SL: Two different things in that regard, there is common thread and that is the Blues.Zydeco music Creole much influence of their African roots, original tribes, sound, rhythms and syncopations in particular and that is the biggest difference between that and Cajun music. Cajun music is the descendants of Nova Scotia and the Great North up there who were deported and settled in this area and a lot of them grew up side-by-side with Creoles so there was a give and take, that is really beautiful there which is why the music is so rich and diverse. Delta Blues across the Mississippi River there is a thread if you listen to say Mississippi John Hurt, playing his acoustic guitar and singing basically telling a story, call them story songs. Then if you were to hear Clifton Chenier playing Blues always in his repertoire, he mixed up blues with everything else and he formulated the sound, the great pinnacle to Zydeco sound there was that element to it. Zydeco per se is real upbeat, syncopated and really the best of it Clifton on his accordion, his drummer Big Robert and his brother Cleveland on the rub board. The three of them would just get of the stage a played old style Zyedeco, I just loved it, you just can’t not move when you hear that music, it is good for the soul.
BD: What are the Blues or how do you define the Blues the perennial debate?
SL: For me main thing about the blues if you take an overview it is such a profound experience again speaking culturally again. It is Grace in the face of adversity. Lot of the kids coming up they learn the licks try and get across to them they need to study the history of the players and the time they lived and what they were going through. It is the back story that is so important and all of them that as a common denominator overcoming challenges. That is why Blues is a universal language, it is something people all over the world relate to. It is these challenges really the things that unite us, I think that is why it resonates with people everywhere. It will always be pertinent, always evolve, will have new players. A lot of the old guard we have lost; not many left at all. That is probably true of all folk music or music that is important of the people. When I say folk music I literally mean music comes from people and their lives, big part of history there that’s when you factor that into story songs it becomes a richer experience that to me is profound.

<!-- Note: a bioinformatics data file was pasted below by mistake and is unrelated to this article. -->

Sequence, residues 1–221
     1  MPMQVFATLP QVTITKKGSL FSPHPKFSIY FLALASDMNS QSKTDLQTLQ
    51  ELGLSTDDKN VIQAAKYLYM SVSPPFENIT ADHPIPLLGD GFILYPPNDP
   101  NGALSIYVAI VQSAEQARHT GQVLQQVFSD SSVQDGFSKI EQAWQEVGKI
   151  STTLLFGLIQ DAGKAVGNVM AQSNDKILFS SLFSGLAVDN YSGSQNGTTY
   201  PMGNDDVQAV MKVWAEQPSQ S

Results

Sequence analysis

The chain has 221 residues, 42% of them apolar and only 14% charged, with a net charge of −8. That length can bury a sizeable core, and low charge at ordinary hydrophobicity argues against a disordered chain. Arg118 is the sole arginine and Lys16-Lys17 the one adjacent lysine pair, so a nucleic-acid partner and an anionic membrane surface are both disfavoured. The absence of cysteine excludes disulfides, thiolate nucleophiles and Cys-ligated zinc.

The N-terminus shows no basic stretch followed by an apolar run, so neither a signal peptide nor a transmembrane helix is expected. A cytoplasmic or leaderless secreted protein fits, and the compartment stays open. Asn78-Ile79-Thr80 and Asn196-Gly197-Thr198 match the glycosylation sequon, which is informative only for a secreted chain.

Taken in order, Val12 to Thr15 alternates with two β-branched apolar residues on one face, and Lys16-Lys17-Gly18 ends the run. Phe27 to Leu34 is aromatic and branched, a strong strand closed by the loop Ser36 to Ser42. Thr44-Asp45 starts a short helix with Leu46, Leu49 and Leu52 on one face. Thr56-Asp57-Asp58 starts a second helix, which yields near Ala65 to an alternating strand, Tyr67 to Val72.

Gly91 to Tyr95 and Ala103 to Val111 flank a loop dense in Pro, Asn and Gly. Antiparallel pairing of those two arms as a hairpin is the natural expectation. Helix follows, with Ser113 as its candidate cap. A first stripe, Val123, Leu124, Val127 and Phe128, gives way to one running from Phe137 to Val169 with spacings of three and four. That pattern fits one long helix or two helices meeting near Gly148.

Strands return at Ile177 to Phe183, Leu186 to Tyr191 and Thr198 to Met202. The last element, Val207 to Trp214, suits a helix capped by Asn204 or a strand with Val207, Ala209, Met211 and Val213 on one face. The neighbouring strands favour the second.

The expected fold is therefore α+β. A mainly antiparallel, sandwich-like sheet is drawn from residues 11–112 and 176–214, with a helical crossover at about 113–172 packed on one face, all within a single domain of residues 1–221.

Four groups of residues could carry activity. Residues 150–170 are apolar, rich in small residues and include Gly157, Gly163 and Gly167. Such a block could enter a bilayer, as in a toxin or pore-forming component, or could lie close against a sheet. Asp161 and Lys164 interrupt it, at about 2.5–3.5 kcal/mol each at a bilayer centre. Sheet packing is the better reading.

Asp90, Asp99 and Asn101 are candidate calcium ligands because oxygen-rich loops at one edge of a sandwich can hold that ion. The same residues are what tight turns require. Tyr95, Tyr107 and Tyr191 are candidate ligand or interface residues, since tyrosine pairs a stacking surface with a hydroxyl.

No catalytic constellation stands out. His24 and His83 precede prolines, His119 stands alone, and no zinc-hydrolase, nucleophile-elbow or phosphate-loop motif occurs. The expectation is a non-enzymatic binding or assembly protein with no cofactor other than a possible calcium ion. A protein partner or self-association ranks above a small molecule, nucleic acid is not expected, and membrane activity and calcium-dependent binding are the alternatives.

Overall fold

BD: For me it was your opening phrase Grace in the face of adversity is just brilliant.
SL: Part of it is all the trials and tribulations and my God! The things that people went through was just horrific and beyond belief. But they would turn to music and they would express, there would be a release in that expression that joy in the moment a thing to have, there is something about that connection that does make it so profound. It is not just another fad or pop song sells in the moment but doesn’t equate to the test of time and that is the big difference. Great music to me is music that stands the test of time.
BD: Your bottleneck/slide guitar style is so full of power what makes your playing stand out from the crowd and your distinctive sound many describe you as King of Slydeco?
SL: I think what happened to me looking back I am so comfortable is so many different genres of music because of growing up here and that is great, versatility is a good thing. It is possible to go in too many directions at once I think when I landed on and beginning to work with the slide and started to make my way with it I realised it was a way to crystallise all these influences into a unified sound that was my own. Very much included songwriting as well and that became my focus. The fact that I started out on another instrument, influenced by all the other instruments in the area, accordion, rub board, triangle everything because slide offers a greater potential for creating sounds, I picked up on that pretty early and would begin to try and emulate some of these other instruments so I think that is part of it. I definitely made some discoveries that opened the window in terms of possibilities, harmonically, percussively, lyrically I could accomplish all that it was a bigger layer of sound from one instrument so to speak. All those influences come to bear you hope some like cosmic dust rubs off on you. As I got more opportunities to work with people, I always paid attention to how they worked and it has to be your passion.
BD: If you were putting together the perfect fantasy band with members from across the years (dead or alive) who would you have playing
SL: I would probably but my heroes together, I could watch them play just sit on the side of the stage
Accordion: Clifton Chenier
Drums: Big Robert, just primitive style never heard anything like him.
Bass: Noel Redding
Guitar: BB Guitar, Jimi Hendrix
I met Jimi Hendrix in store in Baton Rouge he had run away from his road manager and I talked to him . I heard BB; Jimi and Clifton play for the first time within a year when I was 16/17 years old. I have also met them all, takes us back to your first question that was incredible experience set the bar so high not a bad way to start out
BD: Are you planning to come to the UK.
SL: We are Yes, hopefully in the fall if not certainly 2018.
BD: Thank you for taking time out on 4th July
Note from editor: Check out his music over at Sonny Landreth